Yes: when I make a backup of my camera's HD on my computers HD, it's done by
everio mediabrowser. Thisq has been delivered together with my JVC-ca-
That's exactly what I was doing (I think...): on my computers hard disk I
have the video files as shown in clip1. Tere are nog visible extensions...
Then I rename it by adding the extension ".mpg". When imported in Premiere
it became ".mpg.MOD" extention... See clip 2.
When you rename the file, are you adding or replacing??
For example, if you have MOV1115.mod, are you renaming it
MOV1115.mpg (removing the .mod and replacing .mod with .mpg)
MOV1115.mov.mpg (not removing .mov and adding .mpg to the existing name?)
You should have MOV1115.mpg on the Premiere Elements Timeline/Sceneline.
Can you recheck your steps using the software that came with your camcorder and that you are using for the transfer of video from camcorder to computer hard drive? And, is it possible to copy the video directly (no camcorder software) to your computer hard drive, followed by renaming the file, example MOV1115.mpg?
This troubleshooting could or could not be the answer. But, we need to get passed this before we go on to other areas to look at.
I just took another look at your two screen shots. On the first I see "MOV116.MOD" and on the second I see "MOV115.MOD" which forces me to think that you have not made the change to MOV116.mpg and MOV115.mpg before you brought those videos into Premiere Elements. If you made the change, you would see that in your Premiere Elements screen shots.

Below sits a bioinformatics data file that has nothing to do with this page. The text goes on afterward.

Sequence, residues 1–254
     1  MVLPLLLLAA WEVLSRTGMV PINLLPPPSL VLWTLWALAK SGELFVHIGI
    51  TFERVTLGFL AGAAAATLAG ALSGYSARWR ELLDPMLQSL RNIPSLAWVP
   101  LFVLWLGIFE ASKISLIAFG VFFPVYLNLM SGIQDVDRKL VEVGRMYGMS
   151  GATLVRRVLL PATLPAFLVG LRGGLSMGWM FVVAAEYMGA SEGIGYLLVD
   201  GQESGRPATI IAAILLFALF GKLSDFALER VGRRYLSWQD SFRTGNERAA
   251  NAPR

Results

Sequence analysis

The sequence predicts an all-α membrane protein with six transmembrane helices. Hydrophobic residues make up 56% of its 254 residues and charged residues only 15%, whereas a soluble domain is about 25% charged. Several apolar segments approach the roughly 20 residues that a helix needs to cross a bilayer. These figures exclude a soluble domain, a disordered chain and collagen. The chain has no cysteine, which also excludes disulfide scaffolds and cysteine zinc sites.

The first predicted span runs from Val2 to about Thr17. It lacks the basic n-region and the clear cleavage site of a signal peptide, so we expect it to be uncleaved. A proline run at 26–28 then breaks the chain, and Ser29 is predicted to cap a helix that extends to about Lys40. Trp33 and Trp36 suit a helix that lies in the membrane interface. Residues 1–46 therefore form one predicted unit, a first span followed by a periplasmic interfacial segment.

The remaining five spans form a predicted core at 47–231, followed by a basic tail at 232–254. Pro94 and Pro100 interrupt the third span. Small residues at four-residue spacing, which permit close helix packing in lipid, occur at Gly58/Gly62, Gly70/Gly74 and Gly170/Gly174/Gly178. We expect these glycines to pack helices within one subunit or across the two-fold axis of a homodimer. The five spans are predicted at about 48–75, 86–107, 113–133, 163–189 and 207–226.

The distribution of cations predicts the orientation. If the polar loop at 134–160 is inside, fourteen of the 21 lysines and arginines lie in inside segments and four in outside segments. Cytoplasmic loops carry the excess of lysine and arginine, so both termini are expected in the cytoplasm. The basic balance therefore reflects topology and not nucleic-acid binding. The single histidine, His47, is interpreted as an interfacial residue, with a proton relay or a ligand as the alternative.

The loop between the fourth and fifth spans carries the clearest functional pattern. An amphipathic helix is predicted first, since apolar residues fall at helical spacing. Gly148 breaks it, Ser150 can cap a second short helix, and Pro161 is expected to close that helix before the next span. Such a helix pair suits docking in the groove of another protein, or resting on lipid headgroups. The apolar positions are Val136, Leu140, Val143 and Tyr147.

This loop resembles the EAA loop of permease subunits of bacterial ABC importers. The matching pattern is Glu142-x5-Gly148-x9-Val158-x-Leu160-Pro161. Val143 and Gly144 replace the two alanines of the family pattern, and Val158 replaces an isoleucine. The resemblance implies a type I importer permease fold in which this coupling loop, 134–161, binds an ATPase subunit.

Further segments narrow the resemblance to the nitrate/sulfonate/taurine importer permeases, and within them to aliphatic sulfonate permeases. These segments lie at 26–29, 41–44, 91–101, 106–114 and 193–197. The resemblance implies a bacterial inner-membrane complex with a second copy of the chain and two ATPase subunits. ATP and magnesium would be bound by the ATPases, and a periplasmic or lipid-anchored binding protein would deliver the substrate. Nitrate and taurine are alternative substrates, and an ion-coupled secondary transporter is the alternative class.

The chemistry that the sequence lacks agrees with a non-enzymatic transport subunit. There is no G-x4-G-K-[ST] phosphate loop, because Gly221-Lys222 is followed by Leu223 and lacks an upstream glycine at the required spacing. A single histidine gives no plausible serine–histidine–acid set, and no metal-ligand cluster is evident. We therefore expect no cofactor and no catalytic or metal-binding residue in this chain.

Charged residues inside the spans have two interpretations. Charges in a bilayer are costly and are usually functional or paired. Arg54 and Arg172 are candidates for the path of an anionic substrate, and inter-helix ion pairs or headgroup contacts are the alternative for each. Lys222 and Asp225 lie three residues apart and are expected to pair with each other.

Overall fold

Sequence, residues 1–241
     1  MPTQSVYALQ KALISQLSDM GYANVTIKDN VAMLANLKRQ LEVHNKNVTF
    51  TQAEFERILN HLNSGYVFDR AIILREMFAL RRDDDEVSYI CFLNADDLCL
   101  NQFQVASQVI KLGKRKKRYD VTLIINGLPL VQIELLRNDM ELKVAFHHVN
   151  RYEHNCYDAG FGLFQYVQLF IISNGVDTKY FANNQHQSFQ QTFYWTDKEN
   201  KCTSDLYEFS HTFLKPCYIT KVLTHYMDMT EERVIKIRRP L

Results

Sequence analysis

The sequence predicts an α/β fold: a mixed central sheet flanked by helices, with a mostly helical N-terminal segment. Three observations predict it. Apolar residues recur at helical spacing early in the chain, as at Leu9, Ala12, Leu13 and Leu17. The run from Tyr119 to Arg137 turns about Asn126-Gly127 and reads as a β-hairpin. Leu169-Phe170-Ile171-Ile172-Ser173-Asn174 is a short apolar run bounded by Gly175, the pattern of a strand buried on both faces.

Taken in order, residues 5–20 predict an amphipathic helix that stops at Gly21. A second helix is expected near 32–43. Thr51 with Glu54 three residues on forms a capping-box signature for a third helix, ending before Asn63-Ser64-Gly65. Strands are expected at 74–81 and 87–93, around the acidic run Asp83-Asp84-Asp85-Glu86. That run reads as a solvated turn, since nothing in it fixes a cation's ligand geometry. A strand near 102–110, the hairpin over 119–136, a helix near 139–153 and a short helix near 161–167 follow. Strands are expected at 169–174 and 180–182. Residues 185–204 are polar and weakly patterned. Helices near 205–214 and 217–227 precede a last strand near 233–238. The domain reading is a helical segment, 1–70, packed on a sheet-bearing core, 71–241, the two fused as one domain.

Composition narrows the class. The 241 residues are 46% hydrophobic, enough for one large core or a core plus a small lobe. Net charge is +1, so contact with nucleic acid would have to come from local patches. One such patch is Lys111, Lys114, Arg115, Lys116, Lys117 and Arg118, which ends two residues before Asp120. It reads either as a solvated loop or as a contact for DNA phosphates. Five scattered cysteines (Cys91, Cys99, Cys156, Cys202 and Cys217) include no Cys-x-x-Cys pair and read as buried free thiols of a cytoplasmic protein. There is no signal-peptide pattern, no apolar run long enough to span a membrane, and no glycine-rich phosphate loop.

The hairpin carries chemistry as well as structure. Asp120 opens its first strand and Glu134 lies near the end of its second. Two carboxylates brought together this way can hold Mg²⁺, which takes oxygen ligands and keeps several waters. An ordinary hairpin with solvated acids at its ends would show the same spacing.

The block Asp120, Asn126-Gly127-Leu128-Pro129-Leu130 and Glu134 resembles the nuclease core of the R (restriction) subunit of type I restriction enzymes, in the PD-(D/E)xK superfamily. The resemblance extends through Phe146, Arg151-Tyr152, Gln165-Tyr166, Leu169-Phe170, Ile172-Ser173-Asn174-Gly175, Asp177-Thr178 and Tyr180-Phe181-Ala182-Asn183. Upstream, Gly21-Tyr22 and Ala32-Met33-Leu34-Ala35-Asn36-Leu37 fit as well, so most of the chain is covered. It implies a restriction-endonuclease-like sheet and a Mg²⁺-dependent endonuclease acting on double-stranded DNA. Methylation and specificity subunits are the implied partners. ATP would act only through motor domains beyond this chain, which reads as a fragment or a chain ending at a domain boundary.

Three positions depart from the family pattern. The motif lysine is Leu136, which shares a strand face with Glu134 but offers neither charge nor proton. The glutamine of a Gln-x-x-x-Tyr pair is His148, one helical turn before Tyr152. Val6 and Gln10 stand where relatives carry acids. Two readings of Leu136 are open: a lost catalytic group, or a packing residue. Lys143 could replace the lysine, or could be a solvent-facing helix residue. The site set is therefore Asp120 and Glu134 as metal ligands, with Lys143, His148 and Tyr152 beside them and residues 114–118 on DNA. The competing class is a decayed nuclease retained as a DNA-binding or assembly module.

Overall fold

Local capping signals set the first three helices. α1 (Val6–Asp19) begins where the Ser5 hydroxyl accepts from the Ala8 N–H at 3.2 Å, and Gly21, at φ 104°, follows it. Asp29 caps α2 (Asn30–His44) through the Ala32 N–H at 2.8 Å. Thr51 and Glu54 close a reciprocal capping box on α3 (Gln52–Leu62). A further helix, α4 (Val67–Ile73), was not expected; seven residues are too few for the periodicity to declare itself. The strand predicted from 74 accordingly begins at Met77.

So, maybe take another look to see what could be happening as suggested in my previous post.
I will be watching for your progress. Do not be discouraged.
I did the exercise again, so I am sure that I understand you good...
In clip1 you see the file as it arrives on my HP hard disk after having
downloaded it from my JVC camera.There is no extension.
In clip2 I have added the extension .mpg
In clip3 I imported it in Premiere Elements... where it got the MOD
extension... (so it became ....mpg.MOD)
As advised in the paper of Steve Grisetti I applied Windows MovieMaker to
transform the original clips into DV-AVI files. This transformation was